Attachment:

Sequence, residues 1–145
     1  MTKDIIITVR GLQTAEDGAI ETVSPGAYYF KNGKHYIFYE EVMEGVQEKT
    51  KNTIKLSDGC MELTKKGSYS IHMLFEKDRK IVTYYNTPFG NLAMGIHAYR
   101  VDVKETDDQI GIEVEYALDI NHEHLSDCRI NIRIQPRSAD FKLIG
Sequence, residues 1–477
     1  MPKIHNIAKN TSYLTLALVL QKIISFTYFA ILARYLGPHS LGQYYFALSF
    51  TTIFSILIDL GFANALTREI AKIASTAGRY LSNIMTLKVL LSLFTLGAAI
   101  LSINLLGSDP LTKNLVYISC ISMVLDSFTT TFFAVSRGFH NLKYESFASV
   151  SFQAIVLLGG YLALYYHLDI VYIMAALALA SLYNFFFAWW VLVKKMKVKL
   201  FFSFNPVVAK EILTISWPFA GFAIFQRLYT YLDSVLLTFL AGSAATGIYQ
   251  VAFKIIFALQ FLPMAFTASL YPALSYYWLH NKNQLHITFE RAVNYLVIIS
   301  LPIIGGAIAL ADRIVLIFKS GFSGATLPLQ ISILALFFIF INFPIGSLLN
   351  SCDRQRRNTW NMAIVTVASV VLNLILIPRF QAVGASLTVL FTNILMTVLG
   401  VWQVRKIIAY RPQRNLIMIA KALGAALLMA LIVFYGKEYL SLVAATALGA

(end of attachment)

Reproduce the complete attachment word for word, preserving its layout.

Sequence, residues 1–145
     1  MTKDIIITVR GLQTAEDGAI ETVSPGAYYF KNGKHYIFYE EVMEGVQEKT
    51  KNTIKLSDGC MELTKKGSYS IHMLFEKDRK IVTYYNTPFG NLAMGIHAYR
   101  VDVKETDDQI GIEVEYALDI NHEHLSDCRI NIRIQPRSAD FKLIG
Sequence, residues 1–477
     1  MPKIHNIAKN TSYLTLALVL QKIISFTYFA ILARYLGPHS LGQYYFALSF
    51  TTIFSILIDL GFANALTREI AKIASTAGRY LSNIMTLKVL LSLFTLGAAI
   101  LSINLLGSDP LTKNLVYISC ISMVLDSFTT TFFAVSRGFH NLKYESFASV
   151  SFQAIVLLGG YLALYYHLDI VYIMAALALA SLYNFFFAWW VLVKKMKVKL
   201  FFSFNPVVAK EILTISWPFA GFAIFQRLYT YLDSVLLTFL AGSAATGIYQ
   251  VAFKIIFALQ FLPMAFTASL YPALSYYWLH NKNQLHITFE RAVNYLVIIS
   301  LPIIGGAIAL ADRIVLIFKS GFSGATLPLQ ISILALFFIF INFPIGSLLN
   351  SCDRQRRNTW NMAIVTVASV VLNLILIPRF QAVGASLTVL FTNILMTVLG
   401  VWQVRKIIAY RPQRNLIMIA KALGAALLMA LIVFYGKEYL SLVAATALGA